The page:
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April 24, 2017

Daily News Brief

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France's Le Pen, Macron to Contest in Runoff

Political outsiders Marine Le Pen and Emmanuel Macron won the first round of voting in France's presidential election on Sunday; the two will face each other in a runoff on May 7. Independent centrist Macron, a former investment banker (France 24) who has never held elected office, topped the vote with 24 percent to far-right Le Pen's 22 percent (NYT). Macron's lead was hailed by European leaders (Guardian), as Le Pen has vowed to hold a referendum to end France's membership in the European Union. The runoff will be the first time since the creation of France's Fifth Republic that a candidate from the country's traditional left-right parties is not on the ballot.


"The largest share of the vote went to Macron, a blue-eyed reformer who's easy to like. He is, without a doubt, a political phenomenon. Once part of a Socialist government that has been thoroughly rejected by voters, he launched an independent party he called En Marche!, styled himself as nonestablishment, and campaigned as a changemaker who could bring in outsiders and parley with insiders. His success on Sunday is a salve to markets and a sign that the natural order of things hasn't been entirely disrupted," Therese Raphael writes for Bloomberg View.

"Investors are clearly relieved with the result that put Macron into the second round. But political risk is likely to remain an endemic feature in European and global markets, and European policymakers face a full calendar of challenges over the course of the year without a compelling vision about how to address the populist pressures sweeping the region," writes CFR's Robert Kahn.

"Although many observers have focused on the rise of far-right politics in Europe, the real story of the French presidential race, and of European politics more broadly, is the failure of centrists to effectively respond to the challenge from either extreme. Center-right parties, including France's RĂ©publicains, are taking the biggest hit as the far right sweeps up conservative voters," Alina Polyakova writes for Foreign Affairs.


China's Xi Calls Trump Over North Korea

Chinese state media reported that President Xi Jinping called President Donald J. Trump on Monday to urge restraint regarding North Korea (Al Jazeera). Xi also told Trump that China opposes the country's nuclear weapons program.

This CFR Backgrounder explores the China-North Korea relationship.

MALAYSIA: A state-run development company announced it reached a settlement with Abu Dhabi's state fund over a debt dispute that will see Malaysia pay $1.2 billion (Reuters). The Malaysian fund is under investigation for money laundering in at least six countries.


Afghan Defense Chiefs Resign After Massacre

Afghanistan's defense minister and army chief of staff resigned after Taliban militants (BBC) carried out an assault on a base near Mazar-e-Sharif that is believed to have killed at least 160 people (NYT).

CFR's Micah Zenko discusses U.S. military strategy in Afghanistan.


Libya's Rival Governments Meet in Rome

Italy brokered a meeting (Libya Herald) in Rome between representatives from Libya's legislature and its UN-backed state council. The council said in a statement that the two sides agreed to reach "peaceful and fair solutions to outstanding issues” (Guardian).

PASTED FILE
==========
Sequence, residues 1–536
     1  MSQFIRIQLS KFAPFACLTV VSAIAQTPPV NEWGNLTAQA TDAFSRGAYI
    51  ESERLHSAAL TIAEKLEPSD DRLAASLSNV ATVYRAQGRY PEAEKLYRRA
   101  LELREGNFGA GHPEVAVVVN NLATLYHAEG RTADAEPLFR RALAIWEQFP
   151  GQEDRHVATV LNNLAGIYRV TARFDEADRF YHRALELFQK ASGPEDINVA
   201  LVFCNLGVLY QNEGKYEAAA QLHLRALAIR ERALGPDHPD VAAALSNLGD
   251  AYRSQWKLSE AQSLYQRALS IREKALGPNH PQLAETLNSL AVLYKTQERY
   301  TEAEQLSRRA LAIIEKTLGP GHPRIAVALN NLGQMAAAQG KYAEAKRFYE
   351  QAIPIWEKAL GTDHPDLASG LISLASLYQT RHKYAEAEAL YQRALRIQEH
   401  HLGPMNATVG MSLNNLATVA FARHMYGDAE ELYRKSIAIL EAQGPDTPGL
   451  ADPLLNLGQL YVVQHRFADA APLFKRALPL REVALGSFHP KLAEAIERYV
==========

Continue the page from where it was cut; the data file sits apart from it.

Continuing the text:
SAUDI ARABIA: King Salman bin Abdulaziz al-Saud restored bonus payments for public employees (WSJ) and rescinded salary cuts to some two dozen ministers (NYT), citing revenue increases. The king also named his son Prince Khaled bin Salman the Saudi ambassador to the United States.


Pentagon Warns Ships Over Somali Piracy

U.S. defense officials warned commercial ships to bolster their security following several recent piracy incidents off the Somali coast after five years of calm in the area (NYT). The head of the U.S. Africa Command said famine may be behind the spate of attacks.

KENYA: Italian-born conservationist Kuki Gallmann was shot on Sunday (BBC) by herdsmen who invaded her conservation park in central Kenya. Gallmann was hospitalized (NYT).


U.S. Urges Russian Cooperation on Death in Ukraine

A U.S. citizen working with the Organization for Security and Cooperation in Europe (OSCE) died in an area of Ukraine controlled by Russian-backed separatists when the monitoring team's vehicle struck a land mine (AFP). The U.S. State Department called on Russia to use its influence (RFE/RL) to allow the OSCE to conduct an investigation.


Venezuelan President Calls for Talks With Opposition

President Nicolas Maduro called on Sunday to resume opposition talks, which halted last year after Maduro was accused of breaking agreements, and hold local elections (BBC). Thousands of demonstrators marched in Caracas in honor of the at least twenty people killed in recent antigovernment protests (AP).

This CFR Backgrounder looks at Venezuela's political and economic crisis.

PANAMA: A Panamanian court granted bail to lawyers Jurgen Mossack and Ramon Fonseca (VOA), whose firm was the source of the so-called Panama Papers leak last year, in relation to charges that they facilitated a widespread corruption scandal in Brazil (DW).

CFR's Matthew Taylor discusses Brazil's recent gains in fighting graft.


Trump to Host Security Council Diplomats

President Trump will host fourteen diplomats (NYT) from the UN Security Council, including envoys from Russia and China, at the White House on Monday.


Global Defense Spending Rises After Five Years

Countries spent an estimated $1.68 trillion on weapons (DW) in 2016, marking the first time that the global total has risen since 2011, according to the Stockholm International Peace Research Institute.